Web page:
OT: War of 1812

Dave Wilton dave at WILTON.NET
Fri May 28 01:29:07 UTC 2010

The War of 1812 was essentially a stalemate. Neither side won or lost
(except the Native Americans, who lost, as usual). The war was essentially
fought by mistake, considered a nuisance by Britain which was preoccupied
with Napoleon, and politically divisive in the US.

No territory changed hands as a result of the war. Both sides successfully
repelled invaders. The Canadians repulsed the American invasion, but the
Americans did manage to burn York (Toronto). The Americans, in turn, turned
back the Canadian counter-invasion at the Battle of Plattsburgh. The British
invasion of the Chesapeake region managed to sack Washington, avenging York,
but was defeated when it tried to take Baltimore (Ft. McHenry and the
Star-Spangled Banner). And the British invasion of the Gulf coast met with
defeat at New Orleans (yes, after the peace treaty had been signed, but it
was a major defeat for the British nonetheless).

On the seas, the British lost in the Great Lakes, but blockaded American
ports, severely impeding American trade. But the Royal Navy was severely
embarrassed in single-ship engagements with the American frigate
Constitution and her sister ships, which outclassed any frigates the British

The Treaty of Ghent ended the fighting, returned the forces to pre-war
borders, and gave the Americans fishing rights in the Gulf of St. Lawrence
in return for American recognition of the boundary with Canada. Impressment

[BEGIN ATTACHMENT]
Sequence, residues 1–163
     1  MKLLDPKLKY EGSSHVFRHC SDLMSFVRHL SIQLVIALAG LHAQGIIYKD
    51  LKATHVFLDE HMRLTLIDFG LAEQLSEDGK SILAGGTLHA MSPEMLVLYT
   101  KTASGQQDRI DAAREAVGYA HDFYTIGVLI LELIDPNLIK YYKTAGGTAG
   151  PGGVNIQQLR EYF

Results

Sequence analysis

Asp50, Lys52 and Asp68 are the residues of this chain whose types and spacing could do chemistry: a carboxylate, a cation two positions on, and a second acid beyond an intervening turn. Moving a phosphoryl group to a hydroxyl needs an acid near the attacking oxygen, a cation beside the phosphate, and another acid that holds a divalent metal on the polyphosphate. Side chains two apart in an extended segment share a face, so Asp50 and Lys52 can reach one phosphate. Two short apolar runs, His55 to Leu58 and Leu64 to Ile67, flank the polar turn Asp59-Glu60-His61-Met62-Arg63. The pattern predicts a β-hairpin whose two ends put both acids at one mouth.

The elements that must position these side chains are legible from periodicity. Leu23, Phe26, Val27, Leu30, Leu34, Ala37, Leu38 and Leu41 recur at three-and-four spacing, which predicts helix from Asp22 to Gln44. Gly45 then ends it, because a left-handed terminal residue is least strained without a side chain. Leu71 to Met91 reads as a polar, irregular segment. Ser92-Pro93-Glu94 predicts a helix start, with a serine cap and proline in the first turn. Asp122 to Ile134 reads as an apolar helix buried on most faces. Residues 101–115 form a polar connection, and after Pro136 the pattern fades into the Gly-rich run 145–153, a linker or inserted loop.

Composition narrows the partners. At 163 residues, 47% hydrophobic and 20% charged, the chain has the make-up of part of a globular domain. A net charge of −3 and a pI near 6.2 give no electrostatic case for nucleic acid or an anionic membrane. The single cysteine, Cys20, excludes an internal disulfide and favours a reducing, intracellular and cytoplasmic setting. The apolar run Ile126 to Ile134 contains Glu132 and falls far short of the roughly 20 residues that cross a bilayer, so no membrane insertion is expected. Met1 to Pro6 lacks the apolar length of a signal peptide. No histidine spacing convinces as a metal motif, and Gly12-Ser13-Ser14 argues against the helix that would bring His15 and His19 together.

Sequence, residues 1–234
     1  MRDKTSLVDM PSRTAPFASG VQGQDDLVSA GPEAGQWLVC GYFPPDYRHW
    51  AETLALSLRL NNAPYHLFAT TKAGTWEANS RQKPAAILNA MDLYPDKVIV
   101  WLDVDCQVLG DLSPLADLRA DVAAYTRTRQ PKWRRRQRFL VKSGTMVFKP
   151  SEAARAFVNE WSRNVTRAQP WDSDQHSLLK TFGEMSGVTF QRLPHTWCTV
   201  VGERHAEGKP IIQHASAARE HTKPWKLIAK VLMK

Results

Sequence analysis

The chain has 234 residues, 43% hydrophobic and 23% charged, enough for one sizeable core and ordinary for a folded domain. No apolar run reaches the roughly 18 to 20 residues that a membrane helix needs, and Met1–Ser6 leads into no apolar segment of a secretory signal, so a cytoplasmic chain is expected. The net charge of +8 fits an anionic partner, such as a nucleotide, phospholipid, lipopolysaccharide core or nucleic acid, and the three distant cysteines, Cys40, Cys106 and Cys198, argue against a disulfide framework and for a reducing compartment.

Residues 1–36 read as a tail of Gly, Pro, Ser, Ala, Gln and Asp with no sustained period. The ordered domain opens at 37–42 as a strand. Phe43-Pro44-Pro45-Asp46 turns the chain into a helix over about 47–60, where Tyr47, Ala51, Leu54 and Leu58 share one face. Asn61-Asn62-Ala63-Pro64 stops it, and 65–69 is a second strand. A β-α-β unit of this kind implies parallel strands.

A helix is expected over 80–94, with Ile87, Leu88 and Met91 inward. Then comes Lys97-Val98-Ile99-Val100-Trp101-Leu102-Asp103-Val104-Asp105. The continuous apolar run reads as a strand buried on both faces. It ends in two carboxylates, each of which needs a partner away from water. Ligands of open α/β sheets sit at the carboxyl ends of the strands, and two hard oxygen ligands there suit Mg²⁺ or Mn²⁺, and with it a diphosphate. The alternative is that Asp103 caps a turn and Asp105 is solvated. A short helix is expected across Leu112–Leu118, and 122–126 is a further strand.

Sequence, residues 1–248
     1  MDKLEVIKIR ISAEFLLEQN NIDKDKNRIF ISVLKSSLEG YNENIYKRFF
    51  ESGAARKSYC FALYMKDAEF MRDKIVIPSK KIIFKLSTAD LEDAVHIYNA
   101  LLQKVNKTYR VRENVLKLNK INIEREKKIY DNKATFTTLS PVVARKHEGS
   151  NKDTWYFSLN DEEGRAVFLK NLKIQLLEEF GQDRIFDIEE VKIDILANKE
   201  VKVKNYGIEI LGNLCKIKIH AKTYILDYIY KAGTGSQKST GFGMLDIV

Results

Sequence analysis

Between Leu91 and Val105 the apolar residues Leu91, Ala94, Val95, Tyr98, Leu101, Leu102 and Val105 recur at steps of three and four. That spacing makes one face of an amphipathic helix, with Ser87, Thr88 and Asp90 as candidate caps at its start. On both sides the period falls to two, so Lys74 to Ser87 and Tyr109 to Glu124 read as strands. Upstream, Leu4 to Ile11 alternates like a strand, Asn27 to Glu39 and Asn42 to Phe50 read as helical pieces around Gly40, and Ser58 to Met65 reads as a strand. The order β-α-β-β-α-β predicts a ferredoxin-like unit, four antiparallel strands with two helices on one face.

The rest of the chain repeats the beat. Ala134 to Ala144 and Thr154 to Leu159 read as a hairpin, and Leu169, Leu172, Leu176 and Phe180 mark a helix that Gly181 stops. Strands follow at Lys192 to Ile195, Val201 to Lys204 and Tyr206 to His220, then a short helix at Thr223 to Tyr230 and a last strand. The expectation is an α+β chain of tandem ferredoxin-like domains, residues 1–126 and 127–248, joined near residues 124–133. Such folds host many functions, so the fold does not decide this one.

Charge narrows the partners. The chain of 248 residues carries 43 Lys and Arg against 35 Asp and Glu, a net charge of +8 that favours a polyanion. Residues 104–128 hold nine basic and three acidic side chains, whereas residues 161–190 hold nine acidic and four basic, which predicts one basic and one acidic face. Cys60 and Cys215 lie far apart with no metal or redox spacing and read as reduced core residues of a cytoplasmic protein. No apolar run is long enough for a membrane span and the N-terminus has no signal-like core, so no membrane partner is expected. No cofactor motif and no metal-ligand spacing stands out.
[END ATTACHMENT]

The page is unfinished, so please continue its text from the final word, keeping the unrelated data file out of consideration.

of American sailors by the British, which had been the proximate cause of
the war, had ended with Napoleon's defeat and was not part of the peace

Hawthorne, who was 8-10 years old when the war was fought, may not have
written about it, but saying it was "unimportant" is incorrect. The war was
wildly unpopular in New England, which suffered mightily under the British
blockade, and was on the verge of secession from the US when the war ended.
And later on in the 19th century, the war was the source of much patriotic
fervor in the US and popularly, albeit unfairly, considered a great American
victory. (Perhaps New Englander Hawthorne was reluctant to feed the
propaganda machine by writing about a war that was unpopular in his region.)

The longest and probably most important legacy of the war was the settling
of US-Canadian border disputes. It's hard to underestimate the long-term
political importance of the defined and peaceful border over the last two

-----Original Message-----
From: American Dialect Society [mailto:ADS-L at LISTSERV.UGA.EDU] On Behalf Of
Dan Goncharoff
Sent: Thursday, May 27, 2010 2:57 PM
Subject: Re: OT: War of 1812

Just pointing out that the guys fighting along with Col. Jackson didn't
know the war was over, and thought they were still fighting it.

Wasn't this the war about which some wag once said, "we lost the war and
won the peace"?


> At 5/27/2010 03:37 PM, Laurence Horn wrote:
> "In 1814 we took a little trip, along with Col. Jackson down the mighty
Mississip?"  No, that was actually
> after the war was over, and it's not exactly a saying.

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